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The New York State Department of Health AIDS Institute, in partnership with, held a one-day forum on social media, HIV, and sexually transmitted infections (STI) that turned out to be an unfiltered discussion of love, truth, and technology.

Why was it so smoking hot? And is this unique to conferences (or panels) about sexual health?

Maybe it was because it was a room full of public health advocates who are very comfortable talking about “unmentionables.” (How many speakers have you seen ask an audience, “We’ve all had sex in a public bathroom right?”)

Maybe it was because speaker after speaker talked about the power of small groups to make a difference:

  •‘s research showed that while the MSM (men having sex with men) population wants anonymous information, teen girls want to know who is giving advice about their birth control and STI-prevention options. So peer advisors were trained to create 90- to 180-second videos to let their own personalities shine through.
  • Harm Reduction Coalition’s videos promoting condom use in the context of  drug use brought a dose of nightclub reality to the conversation.
  • HIV CIE provides continuing medical education for physicians — including certification that can be completed and printed right from their site.
  • GMHC’s I Love My Boo is a “community-owned and operated” public-awareness campaign which created a “tapestry of love” on Facebook. They also partnered with the First Baptist Church of Crown Heights, finding that their Facebook page was a more open space for the two organizations to collaborate than the physical church might be.
  • New York State Association of Police Chiefs provides podcasts on how to handle syringes – mobile, on-demand training for police officers since every squad car has a computer now.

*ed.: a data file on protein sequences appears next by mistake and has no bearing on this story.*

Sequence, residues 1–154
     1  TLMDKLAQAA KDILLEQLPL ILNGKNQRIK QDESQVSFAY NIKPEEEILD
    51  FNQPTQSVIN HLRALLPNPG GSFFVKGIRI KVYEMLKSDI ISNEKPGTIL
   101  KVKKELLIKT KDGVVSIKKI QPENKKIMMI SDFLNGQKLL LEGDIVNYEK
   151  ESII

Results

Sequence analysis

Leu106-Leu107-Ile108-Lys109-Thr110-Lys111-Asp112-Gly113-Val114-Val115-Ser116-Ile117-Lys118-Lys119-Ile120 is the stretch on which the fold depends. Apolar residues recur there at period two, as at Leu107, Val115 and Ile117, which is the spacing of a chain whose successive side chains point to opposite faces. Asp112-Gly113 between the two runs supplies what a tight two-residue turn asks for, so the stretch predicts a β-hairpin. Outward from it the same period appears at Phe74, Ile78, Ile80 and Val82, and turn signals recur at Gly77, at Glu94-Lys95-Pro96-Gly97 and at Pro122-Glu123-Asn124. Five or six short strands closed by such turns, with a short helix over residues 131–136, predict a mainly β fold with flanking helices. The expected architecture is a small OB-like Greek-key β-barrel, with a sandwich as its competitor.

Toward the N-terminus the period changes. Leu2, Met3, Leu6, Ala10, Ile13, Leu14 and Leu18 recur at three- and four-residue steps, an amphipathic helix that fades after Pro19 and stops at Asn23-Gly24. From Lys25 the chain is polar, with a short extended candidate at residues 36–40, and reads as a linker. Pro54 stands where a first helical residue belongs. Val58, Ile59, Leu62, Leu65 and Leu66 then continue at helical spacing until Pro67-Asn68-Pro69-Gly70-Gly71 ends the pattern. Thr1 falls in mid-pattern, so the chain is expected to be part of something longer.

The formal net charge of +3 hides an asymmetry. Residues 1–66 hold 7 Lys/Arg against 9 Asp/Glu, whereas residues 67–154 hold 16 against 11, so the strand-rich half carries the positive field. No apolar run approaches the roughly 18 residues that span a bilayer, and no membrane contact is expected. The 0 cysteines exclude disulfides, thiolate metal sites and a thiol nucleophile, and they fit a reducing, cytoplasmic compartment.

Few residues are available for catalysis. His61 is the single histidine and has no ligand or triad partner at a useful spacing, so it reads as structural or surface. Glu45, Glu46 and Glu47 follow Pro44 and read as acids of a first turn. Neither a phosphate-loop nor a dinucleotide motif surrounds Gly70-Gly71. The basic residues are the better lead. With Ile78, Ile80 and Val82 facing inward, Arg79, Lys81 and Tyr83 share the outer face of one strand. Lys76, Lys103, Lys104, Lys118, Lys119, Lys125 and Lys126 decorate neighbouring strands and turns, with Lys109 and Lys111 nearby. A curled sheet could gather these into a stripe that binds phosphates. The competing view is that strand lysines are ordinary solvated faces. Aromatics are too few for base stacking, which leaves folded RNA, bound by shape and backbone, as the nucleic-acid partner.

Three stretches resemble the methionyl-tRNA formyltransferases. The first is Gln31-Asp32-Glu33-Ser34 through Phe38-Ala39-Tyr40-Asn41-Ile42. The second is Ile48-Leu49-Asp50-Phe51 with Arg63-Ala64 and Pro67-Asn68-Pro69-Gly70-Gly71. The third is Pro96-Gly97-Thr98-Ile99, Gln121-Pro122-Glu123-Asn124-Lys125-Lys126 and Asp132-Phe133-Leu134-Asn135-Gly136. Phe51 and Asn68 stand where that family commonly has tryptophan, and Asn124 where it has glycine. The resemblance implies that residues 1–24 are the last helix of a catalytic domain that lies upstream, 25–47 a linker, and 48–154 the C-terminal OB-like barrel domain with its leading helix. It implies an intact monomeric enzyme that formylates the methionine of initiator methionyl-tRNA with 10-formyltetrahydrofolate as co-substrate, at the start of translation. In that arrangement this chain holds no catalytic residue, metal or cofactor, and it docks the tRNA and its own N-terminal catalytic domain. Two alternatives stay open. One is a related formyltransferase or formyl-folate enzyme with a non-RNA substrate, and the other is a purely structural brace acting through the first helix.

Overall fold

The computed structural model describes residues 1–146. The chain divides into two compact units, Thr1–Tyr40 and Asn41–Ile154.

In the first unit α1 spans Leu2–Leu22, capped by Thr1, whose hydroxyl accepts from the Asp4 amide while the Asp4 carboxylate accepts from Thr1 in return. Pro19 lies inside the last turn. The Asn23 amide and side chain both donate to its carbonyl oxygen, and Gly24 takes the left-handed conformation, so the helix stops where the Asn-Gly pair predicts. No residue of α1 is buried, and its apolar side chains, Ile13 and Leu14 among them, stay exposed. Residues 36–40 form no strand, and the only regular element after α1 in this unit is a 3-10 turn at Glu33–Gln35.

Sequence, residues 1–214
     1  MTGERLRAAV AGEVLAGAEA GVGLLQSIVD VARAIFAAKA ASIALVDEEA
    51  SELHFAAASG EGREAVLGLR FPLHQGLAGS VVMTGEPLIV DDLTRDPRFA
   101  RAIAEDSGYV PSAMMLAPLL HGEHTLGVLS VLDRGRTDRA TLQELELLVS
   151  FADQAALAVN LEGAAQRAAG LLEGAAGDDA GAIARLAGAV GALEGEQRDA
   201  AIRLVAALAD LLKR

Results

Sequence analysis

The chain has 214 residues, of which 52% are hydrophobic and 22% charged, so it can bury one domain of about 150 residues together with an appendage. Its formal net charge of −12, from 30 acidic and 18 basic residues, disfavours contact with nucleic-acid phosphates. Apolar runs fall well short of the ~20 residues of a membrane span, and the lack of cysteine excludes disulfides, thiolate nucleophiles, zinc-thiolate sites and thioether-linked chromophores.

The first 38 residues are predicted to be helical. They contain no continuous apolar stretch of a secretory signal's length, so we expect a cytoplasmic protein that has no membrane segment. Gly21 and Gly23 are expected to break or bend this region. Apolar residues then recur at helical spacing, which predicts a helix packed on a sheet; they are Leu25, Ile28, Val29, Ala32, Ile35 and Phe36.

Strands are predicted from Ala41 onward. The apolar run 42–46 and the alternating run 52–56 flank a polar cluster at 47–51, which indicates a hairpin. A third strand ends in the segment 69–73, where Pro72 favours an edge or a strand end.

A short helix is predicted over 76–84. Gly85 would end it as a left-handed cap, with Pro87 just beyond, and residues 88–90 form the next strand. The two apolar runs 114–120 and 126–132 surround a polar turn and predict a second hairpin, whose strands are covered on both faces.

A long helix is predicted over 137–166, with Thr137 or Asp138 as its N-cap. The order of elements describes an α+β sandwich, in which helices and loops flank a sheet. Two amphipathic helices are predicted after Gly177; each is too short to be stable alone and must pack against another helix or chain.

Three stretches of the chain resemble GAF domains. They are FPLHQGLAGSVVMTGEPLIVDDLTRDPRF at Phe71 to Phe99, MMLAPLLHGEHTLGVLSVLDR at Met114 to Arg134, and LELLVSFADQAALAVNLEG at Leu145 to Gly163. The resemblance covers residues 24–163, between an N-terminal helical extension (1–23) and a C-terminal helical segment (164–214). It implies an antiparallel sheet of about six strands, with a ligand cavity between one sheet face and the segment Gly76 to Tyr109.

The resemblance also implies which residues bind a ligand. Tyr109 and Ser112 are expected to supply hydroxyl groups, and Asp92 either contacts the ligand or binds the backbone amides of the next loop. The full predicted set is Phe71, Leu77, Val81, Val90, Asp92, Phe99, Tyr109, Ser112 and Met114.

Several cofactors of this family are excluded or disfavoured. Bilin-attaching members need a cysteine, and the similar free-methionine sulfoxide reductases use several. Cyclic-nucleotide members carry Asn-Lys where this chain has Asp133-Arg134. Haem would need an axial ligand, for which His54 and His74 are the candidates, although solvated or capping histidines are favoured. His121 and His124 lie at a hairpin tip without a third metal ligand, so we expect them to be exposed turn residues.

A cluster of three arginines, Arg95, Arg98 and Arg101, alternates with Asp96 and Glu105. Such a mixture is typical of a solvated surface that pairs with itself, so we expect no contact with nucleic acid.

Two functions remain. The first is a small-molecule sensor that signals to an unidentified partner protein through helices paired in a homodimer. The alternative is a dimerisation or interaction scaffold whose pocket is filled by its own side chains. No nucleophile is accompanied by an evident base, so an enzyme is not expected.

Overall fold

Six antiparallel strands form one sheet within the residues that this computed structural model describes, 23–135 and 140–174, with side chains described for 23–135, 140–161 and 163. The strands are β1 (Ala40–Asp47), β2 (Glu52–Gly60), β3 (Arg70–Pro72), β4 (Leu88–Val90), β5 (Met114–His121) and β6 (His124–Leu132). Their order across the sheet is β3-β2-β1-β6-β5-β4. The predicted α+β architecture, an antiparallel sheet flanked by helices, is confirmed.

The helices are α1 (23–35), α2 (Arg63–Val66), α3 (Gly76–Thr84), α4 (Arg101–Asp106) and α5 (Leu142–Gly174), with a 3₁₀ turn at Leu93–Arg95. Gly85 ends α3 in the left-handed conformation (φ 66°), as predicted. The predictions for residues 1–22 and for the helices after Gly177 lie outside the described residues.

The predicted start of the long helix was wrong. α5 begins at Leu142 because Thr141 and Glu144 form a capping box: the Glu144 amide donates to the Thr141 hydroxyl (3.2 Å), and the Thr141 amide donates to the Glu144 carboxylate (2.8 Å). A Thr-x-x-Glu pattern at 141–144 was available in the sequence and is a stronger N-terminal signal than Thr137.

Maybe it was because it was held in New York, a city that does inspire people.

Maybe because the program included people like Kicesie Drew, a sex ed superstar (turn the volume down before you click through to her YouTube channel). She praised, which makes it easy to share one’s STI status, saying, “If you have information you can make better decisions”:

Maybe it was because Lee Aase made an irresistible case for the Social Media University – Global (S.M.U.G.)

I’ll let a fellow fan, Text in the City, describe his talk:

Lee Aase from the Mayo Clinic delivered an entertaining and personal presentation, telling a story of the initiation of Social Media at the Mayo Clinic. He caused ripples of laughter as he cited his 5th Grade report card as an example of how an ‘average guy’ can do what he has done. I think a slight under-sell of the amazing social media strategy they have in place. He went on to show examples of how media attention can escalate with the story of the ‘charming elderly couple’ on YouTube, again causing much hilarity within the audience…(more)

Lee’s slides (including that awesome report card):

My own presentation provided data to show, beyond a doubt, that the internet has fundamentally changed our information and communications landscape:

My message to the group was essentially this:  None of the organizations or individuals in the room can control the conversation about HIV and STIs, but they can contribute to it.

Pew Internet’s research shows that a majority of internet users still turn to a health professional with their health questions, but 1 in 5 internet users look online for someone like them to provide advice (a sneak preview of an upcoming report, which was echoed by the LoveHeals research).

There is a parallel health system online, powered by people connecting with each other, and now is the time to tap into it.

I gave the example of, which I first heard about at Health 2.0 San Francisco, noting that it was a much more elegant and informative presentation of birth control options than I ever had in my high school health class. But in the spirit of a design critique, which I’d love to see more often at health conferences, I pointed out that it’s not perfect:  when I tried to share on Facebook, no click-bait image popped up.

I talked about Pew Internet’s data on sexting, pointing out that people are using their phones to exchange sexual information — not the information this audience may want them to exchange, but the track has been laid. Who will take advantage of the intimacy and immediacy of text to stop the spread of HIV and STIs?

Mobile, social technology is changing us, changing our frame of reference so that we see information as portable, personalized, and participatory.

As I told this (and every) audience:  Take this opportunity to regroup. Tap in to our instincts to share and our ability to do so. Seed the conversation with what you know. Let your audience become your agents.


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